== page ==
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The Sunscreen Debate: What You Need to Know

By June 22, 2018July 13th, 2022Common Concerns, Healthy Environment
the sunscreen debate

Do the benefits of sunscreen outweigh the dangers?  Safe sun exposure allows our bodies to create Vitamin D, a nutrient crucial to our health in many ways.  Studies show that many Americans are deficient in Vitamin D.  Sunscreen blocks the UVB rays that cause your skin to produce this vital nutrient.

Additionally, most sunscreen contains a cocktail of chemicals with varying degrees of toxicity, according to many research studies.  In order to use it properly, it must be slathered all over your skin, the largest organ of your body, and reapplied throughout the day.  Your skin absorbs everything you put on it, so it’s just plain smart to evaluate the products you use.

Make Smart Sunscreen Choices

The Environmental Working Group (EWG) has identified a list of chemicals that consumers need to avoid, based on evidence that they may cause more harm than good.  Oxybenzone, found in 80% of chemical sunscreens, has been found to cause allergic skin reactions and may mimic or disrupt hormones, which causes reproductive problems.  It is also harmful to the environment.  Legislators in Hawaii are attempting to ban the sale of oxybenzone-containing sunscreen. Based on its research, the EWG publishes a list of sunscreens that meet its safety criteria.  Here is the EWG’s latest list of the best sunscreen for kids:  Best Sunscreen for Kids

Where Experts Agree on Sunscreen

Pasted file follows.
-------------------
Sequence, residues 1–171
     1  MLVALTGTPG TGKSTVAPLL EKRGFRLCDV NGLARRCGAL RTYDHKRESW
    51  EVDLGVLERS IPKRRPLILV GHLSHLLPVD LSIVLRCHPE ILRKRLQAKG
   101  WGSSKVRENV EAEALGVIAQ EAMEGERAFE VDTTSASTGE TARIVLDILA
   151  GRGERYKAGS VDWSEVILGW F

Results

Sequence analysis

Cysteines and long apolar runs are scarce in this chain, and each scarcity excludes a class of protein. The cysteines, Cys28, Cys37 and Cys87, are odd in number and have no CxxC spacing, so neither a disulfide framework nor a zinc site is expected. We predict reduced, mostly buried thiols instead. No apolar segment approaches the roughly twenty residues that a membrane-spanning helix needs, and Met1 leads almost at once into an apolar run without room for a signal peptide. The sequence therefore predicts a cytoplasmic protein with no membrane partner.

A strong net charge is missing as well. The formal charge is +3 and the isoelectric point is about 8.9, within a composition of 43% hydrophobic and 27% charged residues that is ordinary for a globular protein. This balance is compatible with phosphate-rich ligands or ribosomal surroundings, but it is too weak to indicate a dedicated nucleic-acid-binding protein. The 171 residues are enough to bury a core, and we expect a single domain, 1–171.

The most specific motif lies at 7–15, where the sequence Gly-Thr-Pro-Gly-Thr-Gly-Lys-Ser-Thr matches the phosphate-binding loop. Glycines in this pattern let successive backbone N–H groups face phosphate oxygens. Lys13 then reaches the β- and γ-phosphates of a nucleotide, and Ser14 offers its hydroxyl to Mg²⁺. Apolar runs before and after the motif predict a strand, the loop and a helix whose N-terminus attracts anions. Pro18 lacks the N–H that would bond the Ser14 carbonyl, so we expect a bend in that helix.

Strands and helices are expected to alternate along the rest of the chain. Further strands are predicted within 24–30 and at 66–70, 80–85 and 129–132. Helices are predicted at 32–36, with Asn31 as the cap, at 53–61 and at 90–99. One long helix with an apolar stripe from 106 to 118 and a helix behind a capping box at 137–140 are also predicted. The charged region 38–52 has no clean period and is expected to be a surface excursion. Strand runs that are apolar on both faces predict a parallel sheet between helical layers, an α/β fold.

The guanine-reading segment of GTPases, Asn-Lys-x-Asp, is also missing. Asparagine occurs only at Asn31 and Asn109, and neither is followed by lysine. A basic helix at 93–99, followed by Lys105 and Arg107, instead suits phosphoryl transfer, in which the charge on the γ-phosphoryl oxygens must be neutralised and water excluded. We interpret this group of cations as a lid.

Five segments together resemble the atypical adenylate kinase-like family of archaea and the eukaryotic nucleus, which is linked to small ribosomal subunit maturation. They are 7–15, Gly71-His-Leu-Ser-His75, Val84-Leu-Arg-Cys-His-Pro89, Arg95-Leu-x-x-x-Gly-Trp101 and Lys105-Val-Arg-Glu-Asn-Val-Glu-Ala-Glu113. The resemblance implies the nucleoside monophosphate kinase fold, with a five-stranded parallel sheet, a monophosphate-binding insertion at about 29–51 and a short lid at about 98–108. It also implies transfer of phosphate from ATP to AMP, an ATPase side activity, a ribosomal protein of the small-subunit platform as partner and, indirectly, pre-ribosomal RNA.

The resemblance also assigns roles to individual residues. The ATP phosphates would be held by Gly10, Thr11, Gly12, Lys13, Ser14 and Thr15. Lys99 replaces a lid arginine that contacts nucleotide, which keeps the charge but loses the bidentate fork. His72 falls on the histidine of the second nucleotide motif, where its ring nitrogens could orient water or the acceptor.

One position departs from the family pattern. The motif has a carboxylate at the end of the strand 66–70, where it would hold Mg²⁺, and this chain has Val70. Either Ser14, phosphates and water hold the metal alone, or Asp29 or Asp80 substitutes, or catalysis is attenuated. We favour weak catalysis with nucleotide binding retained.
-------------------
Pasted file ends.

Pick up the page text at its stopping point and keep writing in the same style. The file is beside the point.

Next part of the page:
It can get a bit confusing and contentious (super-model Gisele was criticized for calling sunscreen “poison”) but even sunscreen detractors agree that allowing a sunburn is not healthy!  So what is one to do?

Remember, experts agree that getting sunburned is not smart—excessive sun exposure can lead to skin cancer and skin damage, like wrinkles and other signs of aging.  The advice most experts give is to:

  • Allow your skin to be minimally exposed: research shows that the Vitamin D your body produces protects against cancer and other health issues
  • Use a high-quality sunscreen when you’re exposed to the sun for long periods (like at an amusement park or if you work outside)
  • Don’t be fooled by high SPF numbers: an SPF of 50 only protects you marginally better, but most people develop a false sense of security and risk overexposure
  • The American Academy of Dermatology recommends SPF 30, which blocks 97% of harmful rays
  • Eat fresh fruit and vegetables: they contain antioxidants that help your body fight the free radicals produced from sun exposure
  • Wear loose clothing that covers you
  • Wear a hat to shield your face: the skin on your face doesn’t produce a large quantity of Vitamin D and is more susceptible to showing the effects of overexposure to the sun (aging!)

Other resources:

EWG’s Annual Guide to Sunscreens

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